Ray Bourque was the quintessential old man chasing a cup

Virtually every Stanley Cup Playoff has at least one veteran sentimental favorite who’s never won it all before and might just get his last shot, like Shea Weber in 2021, or Joe Pavelski in 2020, or Joe Thornton every year since. 1919. These guys, more often than not, have racked up impressive career stats while always staying on the outside. Typically, if they’ve been rising for years and their team doesn’t feel close to a title, those players will fight their way to a contender. A Cup becomes their real priority at this stage of their career, the ultimate achievement that can cement, if not transform, a legacy. All of these guys are continuing what Ray Bourque enjoyed in 2001.

Bourque was a transcendental great defenseman in the 80s and 90s. Drafted eighth overall in the QMJHL in 1979 – part of a packed and oversized class due to the lowering of his minimum age by the league – Bourque is entered the ice the same year for the Boston Bruins and immediately became a scoring machine. Even in the shadow of Bobby Orr, who played his last game with the Bruins in 1975, Bourque carved out a place as a Boston legend with his precise shooting, his ability to impose his will on the ice and his humble consistency. . with whom he led his team. He won the Calder and earned an all-star spot as a rookie, then kept adding accolades from there. He averaged at least a point per game in 14 of the NHL’s 22 seasons, won the Norris five times and finished second six times, set all sorts of career records for a defenseman and became the longest-serving captain in NHL history until later passed by Steve Yzerman.

The Bruins of that era, however, were so special I can barely relate to them. After winning the Stanley Cup in 1972, they made the NHL playoffs for the next 24 seasons. In those 24 seasons, which included Bourque’s first 17 years as a professional, the Bruins never lifted a cup again. In fact, Bourque only reached the Finals twice, and in each of those two appearances, Boston was beaten by the Oilers dynasty by a combined eight games to one. How strange and frustrating it must have been to live as a fan or a gamer: blessed never to have a low year, but cursed to see that hope turn into failure every time.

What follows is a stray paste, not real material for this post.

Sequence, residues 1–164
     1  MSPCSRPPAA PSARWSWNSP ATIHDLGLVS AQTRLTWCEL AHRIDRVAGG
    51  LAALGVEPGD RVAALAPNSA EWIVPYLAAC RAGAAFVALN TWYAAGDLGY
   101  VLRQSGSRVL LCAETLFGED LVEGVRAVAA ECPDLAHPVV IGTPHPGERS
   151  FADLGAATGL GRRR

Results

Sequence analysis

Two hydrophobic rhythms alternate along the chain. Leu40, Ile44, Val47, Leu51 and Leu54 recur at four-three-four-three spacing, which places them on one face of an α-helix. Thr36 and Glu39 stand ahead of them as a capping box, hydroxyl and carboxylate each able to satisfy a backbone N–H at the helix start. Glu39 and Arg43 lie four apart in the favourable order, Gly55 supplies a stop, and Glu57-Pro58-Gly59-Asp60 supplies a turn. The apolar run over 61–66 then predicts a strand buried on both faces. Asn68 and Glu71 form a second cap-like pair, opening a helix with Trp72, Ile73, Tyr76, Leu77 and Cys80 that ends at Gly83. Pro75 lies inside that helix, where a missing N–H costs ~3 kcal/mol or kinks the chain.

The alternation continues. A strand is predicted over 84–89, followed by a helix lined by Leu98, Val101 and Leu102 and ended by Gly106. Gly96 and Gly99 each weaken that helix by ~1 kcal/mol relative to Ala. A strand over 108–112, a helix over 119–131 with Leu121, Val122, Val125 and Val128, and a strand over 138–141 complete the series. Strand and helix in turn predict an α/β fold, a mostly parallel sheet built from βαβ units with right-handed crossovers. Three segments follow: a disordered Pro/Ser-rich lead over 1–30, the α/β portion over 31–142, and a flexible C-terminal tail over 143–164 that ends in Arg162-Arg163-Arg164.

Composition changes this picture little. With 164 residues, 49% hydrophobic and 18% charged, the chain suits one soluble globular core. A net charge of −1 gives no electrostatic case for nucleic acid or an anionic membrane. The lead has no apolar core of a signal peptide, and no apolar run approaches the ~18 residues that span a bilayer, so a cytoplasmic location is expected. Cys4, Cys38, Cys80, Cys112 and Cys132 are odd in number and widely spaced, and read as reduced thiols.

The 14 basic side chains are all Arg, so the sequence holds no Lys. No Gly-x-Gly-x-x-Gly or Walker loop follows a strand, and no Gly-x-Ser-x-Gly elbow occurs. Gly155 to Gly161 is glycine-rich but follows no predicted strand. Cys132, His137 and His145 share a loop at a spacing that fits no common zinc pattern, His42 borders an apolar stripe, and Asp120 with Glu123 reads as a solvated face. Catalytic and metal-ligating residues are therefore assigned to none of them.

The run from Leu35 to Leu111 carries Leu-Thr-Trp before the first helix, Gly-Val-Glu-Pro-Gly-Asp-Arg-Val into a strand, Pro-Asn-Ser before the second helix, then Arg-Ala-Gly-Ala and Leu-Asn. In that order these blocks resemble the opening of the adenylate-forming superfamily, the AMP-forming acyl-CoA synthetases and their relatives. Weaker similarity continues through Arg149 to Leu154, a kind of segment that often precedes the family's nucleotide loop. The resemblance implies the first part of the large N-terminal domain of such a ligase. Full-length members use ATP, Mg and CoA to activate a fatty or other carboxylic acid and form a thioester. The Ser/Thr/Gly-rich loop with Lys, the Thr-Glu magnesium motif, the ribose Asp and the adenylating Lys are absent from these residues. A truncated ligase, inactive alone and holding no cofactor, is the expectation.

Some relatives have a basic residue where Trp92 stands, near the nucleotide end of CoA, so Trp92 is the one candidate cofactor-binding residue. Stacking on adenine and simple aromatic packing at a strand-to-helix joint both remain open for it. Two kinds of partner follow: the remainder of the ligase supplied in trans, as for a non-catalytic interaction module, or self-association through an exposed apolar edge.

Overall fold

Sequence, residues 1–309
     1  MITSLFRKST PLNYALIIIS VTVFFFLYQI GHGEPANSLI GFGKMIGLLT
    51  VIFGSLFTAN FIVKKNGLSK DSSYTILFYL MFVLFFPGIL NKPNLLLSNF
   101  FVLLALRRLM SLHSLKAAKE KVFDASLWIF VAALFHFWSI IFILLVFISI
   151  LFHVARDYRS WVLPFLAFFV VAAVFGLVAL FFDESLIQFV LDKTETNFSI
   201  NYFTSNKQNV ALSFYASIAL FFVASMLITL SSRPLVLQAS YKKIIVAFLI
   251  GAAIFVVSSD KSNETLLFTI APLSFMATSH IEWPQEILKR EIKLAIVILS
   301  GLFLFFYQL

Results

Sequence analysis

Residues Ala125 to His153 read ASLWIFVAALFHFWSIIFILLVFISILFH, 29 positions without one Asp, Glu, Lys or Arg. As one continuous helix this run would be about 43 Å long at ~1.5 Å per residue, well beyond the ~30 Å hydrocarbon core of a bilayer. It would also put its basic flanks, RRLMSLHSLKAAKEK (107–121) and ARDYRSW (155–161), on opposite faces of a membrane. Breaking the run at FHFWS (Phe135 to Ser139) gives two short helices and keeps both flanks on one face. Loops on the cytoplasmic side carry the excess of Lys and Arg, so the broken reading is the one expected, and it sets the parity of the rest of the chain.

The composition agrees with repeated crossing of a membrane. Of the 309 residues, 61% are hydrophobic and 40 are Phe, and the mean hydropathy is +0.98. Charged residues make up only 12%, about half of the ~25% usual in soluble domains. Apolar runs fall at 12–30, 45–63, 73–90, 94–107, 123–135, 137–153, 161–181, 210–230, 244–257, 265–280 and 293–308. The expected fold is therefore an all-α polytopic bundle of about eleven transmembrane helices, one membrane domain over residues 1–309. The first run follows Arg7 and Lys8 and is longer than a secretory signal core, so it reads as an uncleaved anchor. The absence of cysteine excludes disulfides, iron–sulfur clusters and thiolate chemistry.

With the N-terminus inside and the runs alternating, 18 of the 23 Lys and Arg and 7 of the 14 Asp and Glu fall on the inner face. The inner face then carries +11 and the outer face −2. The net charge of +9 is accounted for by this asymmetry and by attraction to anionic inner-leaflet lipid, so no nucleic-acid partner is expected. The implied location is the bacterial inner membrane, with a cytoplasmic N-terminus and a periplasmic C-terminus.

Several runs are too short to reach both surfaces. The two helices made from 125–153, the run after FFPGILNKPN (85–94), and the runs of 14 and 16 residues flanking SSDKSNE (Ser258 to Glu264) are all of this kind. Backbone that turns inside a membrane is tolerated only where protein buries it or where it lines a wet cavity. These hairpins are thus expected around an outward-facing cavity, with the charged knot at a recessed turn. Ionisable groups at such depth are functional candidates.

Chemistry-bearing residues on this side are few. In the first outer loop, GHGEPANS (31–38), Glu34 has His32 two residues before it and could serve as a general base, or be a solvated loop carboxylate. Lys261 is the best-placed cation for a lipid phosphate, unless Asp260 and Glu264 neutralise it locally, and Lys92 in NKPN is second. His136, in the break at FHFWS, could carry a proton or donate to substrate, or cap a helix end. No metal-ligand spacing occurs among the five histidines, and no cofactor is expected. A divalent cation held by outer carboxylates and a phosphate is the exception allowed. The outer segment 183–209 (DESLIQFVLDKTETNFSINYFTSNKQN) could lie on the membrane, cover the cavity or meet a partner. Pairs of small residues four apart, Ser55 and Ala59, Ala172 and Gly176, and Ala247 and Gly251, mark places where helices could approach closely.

In the 1990s, as Bourque grew older, the results deteriorated. In 1993, the Bruins were swept out of the first round by the Sabers after five straight years of advancing to at least the second round and usually further. After dropping in the second round to the Devils the following year, Boston would suffer two more five-game outings. In 1996-97, the bottom finally fell, as a restless goaltending carousel and the loss of Hall of Fame forward Cam Neely combined to send the Bruins to the bottom of the NHL.

With the emergence of Byron Dafoe in net, the acquisition of players like Jason Allison and Dmitri Khristich, as well as new top draft picks Sergei Samsonov and Joe Thornton, the Bruins were quickly able to rebound enough to return to the playoffs. Their positive momentum was halted in the 1999-2000 season, however, when the Bruins traded Khristich and suffered a slew of injuries that sent them back to the basement. Marty McSorley’s ominous attack on the Canucks’ Donald Brashear made matters worse in February, resulting in the Bruins enforcer being convicted of assault and essentially ostracized from the NHL.

So the vibes around Boston were pretty bad, and at that point Bourque was 39, even though he was still logging more ice time than anyone else on the team. He knew the end of his career was approaching and his Bruins were no closer to winning the Cup. He also knew it could be mutually beneficial if he went to a contender and the Bruins got a handful of young players, so Bourque formally requested a trade from general manager Harry Sinden before the March deadline. While the original plan was to keep him in the area where his life was firmly established – somewhere like New Jersey or Philadelphia – it was the Colorado Avalanche who stepped up and put in place the package that took Bourque away from the city where he became an icon. . For the first time since his teenage years, Bourque was moving away from his family and his home to play with unknown teammates in an unfamiliar city.